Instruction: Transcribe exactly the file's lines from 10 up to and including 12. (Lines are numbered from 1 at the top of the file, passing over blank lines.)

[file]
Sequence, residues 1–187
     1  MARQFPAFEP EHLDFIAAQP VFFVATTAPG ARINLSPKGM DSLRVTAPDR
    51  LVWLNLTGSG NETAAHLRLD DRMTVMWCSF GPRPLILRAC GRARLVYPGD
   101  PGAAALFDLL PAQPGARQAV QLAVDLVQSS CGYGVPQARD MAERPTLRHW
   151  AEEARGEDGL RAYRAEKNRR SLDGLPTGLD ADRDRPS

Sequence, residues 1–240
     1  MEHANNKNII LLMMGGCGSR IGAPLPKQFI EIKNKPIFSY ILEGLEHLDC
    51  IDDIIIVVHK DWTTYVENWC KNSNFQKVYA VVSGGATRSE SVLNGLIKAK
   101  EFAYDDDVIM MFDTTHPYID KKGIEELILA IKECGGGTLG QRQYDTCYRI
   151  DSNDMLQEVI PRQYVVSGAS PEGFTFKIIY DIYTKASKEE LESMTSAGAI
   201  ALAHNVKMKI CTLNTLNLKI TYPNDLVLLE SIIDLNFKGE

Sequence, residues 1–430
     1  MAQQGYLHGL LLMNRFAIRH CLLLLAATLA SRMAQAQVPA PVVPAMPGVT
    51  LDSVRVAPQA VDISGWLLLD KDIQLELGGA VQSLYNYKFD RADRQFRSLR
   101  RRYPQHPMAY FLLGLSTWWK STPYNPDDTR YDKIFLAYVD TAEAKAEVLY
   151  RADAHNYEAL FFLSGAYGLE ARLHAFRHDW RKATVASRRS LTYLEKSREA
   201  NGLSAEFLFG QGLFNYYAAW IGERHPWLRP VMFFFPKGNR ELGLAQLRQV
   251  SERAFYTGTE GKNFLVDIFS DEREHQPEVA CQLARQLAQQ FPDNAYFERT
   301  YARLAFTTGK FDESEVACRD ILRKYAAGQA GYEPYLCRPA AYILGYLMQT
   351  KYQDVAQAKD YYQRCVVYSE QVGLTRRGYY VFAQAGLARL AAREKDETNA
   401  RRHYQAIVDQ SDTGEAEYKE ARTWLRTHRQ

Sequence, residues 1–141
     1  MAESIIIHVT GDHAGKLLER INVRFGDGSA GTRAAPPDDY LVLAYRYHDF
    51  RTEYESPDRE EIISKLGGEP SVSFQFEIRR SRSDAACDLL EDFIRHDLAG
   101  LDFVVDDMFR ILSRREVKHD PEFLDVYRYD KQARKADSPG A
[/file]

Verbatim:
   151  DSNDMLQEVI PRQYVVSGAS PEGFTFKIIY DIYTKASKEE LESMTSAGAI
   201  ALAHNVKMKI CTLNTLNLKI TYPNDLVLLE SIIDLNFKGE

Sequence, residues 1–430